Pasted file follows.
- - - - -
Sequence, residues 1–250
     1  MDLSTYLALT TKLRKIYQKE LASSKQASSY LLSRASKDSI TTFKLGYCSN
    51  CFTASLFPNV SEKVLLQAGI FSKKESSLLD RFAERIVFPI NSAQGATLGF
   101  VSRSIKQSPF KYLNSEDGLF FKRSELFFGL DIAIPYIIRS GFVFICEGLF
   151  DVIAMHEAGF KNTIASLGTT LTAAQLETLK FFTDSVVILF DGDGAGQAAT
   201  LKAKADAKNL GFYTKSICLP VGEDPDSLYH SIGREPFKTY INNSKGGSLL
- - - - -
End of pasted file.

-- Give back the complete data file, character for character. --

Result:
Sequence, residues 1–250
     1  MDLSTYLALT TKLRKIYQKE LASSKQASSY LLSRASKDSI TTFKLGYCSN
    51  CFTASLFPNV SEKVLLQAGI FSKKESSLLD RFAERIVFPI NSAQGATLGF
   101  VSRSIKQSPF KYLNSEDGLF FKRSELFFGL DIAIPYIIRS GFVFICEGLF
   151  DVIAMHEAGF KNTIASLGTT LTAAQLETLK FFTDSVVILF DGDGAGQAAT
   201  LKAKADAKNL GFYTKSICLP VGEDPDSLYH SIGREPFKTY INNSKGGSLL